Edwin Ratcliffe (1848 -!916) was the son of a farmer in Berkshire and was apprenticed to John Hedges ,at his old established Iron Foundry in Bucklebury between Reading and Newbury. In 1870 Edwin married John Hedges daughter Ellen and they moved to Malmesbury where he set up his iron foundry in a cowshed at the western end of Westport.
The firm still occupies the original premises which has been enlarged and modified through the years. It gave the name of Foundry Road to the lane leading to the works. A forge, a machine shop and a woodworking facility were quickly added to the foundry. Although the establishment was originally a foundry, the working of hot metal in a forge rapidly became a part of the business. Iron gates and railings were always in demand and the company designed and produced iron gates for the Congregational Chapel Westport in 1884.
Initially the motive power was steam and since the local water supply has a high lime content it would fur up the boiler. Ratcliffe’s ingeniously stored rainwater from the roof in underground cisterns until needed. After forty years’ service the steam engine was replaced by an engine fuel by gas from the town’s supply. The workshops were originally lit by oil lamps but electric lights were installed when a 50 V DC generator was added which remained in use for some years even after the instalment of mains power.
Ratcliffe’s originally concentrated on repair work but demands for customer solutions to local engineering problems led them to produce original equipment of their own design. When Edwin opened the factory the horse was the main source of power on the fields and on the roads. Portable steam engines were used on farms to drive threshing machines but were hauled to site by horses. Ratcliffe’s worked on these steam engines at the foundry as well travelling to repair breakdowns on site. Showman’s steam engines were also overhauled by the Ratcliffe team however with the advent of the internal combustion engine cars became more common and practical.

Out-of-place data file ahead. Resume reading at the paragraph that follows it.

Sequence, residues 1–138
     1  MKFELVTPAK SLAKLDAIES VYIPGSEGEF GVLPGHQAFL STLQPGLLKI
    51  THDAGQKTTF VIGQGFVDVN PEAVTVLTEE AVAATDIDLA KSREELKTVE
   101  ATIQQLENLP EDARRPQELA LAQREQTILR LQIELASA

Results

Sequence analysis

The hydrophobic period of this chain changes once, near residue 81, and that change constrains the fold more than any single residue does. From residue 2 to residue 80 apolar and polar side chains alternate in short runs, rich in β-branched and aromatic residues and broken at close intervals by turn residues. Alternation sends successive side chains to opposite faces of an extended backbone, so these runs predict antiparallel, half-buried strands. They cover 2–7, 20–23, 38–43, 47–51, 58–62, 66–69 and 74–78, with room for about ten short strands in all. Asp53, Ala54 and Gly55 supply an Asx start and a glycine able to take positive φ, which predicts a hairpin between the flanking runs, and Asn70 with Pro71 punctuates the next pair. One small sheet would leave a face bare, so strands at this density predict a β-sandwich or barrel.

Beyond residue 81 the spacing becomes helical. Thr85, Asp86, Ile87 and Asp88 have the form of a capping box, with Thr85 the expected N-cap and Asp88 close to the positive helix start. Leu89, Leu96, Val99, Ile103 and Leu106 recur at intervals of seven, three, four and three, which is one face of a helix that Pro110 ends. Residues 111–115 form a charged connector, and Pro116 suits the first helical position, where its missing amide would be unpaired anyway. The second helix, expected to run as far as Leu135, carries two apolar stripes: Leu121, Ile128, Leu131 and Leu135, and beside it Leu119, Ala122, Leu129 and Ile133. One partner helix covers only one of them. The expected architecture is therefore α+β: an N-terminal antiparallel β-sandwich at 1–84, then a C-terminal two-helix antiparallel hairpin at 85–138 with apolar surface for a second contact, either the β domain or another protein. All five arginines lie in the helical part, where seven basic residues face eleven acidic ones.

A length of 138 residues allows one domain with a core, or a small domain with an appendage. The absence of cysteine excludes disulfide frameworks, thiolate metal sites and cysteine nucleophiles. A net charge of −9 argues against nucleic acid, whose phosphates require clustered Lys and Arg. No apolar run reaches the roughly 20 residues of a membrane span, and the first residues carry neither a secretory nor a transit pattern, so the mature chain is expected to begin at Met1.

Ratcliffe’s soon branched out into the motor trade and during the 1930’s and 1930’s they became the main local dealer for Morris cars as well as repairing and servicing any make of vehicle. In addition to selling and servicing cars the firm also offered chauffeur driven cars for hire.
Malmesbury is surrounded on three sides by water and the control of the two rivers from Sherston and Tetbury was always a major consideration. Ratcliffe and Son have played a major part in the enterprise. Ratcliffe’s involvement was twofold including both the design and manufacture of the equipment itself and the groundwork and installation on site.
The company’s client list included many important North Wiltshire families many of whom had waterwheels installed as power for grist mills and lifting water from a neighbouring river or stream. One of the most prestigious contracts was the internal engineering for the Tetbury Hand and Steam Laundry Company opened with great ceremony in 1930.
In the 1933 Malmesbury Almanack Ratcliffe and Son are shown as providing a diverse selection of services ranging from threshing machines to domestic radio sets. In the latter technology Ratcliffe’s were local pioneers and built their own wireless from a licenced design.
The Westport Ironworks is still a flourishing concern although the days when they cast waterwheels and other machinery are long gone. Much of the original machinery is still in regular use although the main business in the early 21st century is in the service and repair of light agriculture and horticultural machinery, particularly lawnmowers. The current owner is the founder’s great, great grandson.
Our booklet called Ratcliffe & Son Engineers of Malmesbury is an interesting record and can be found in the Museum Shop.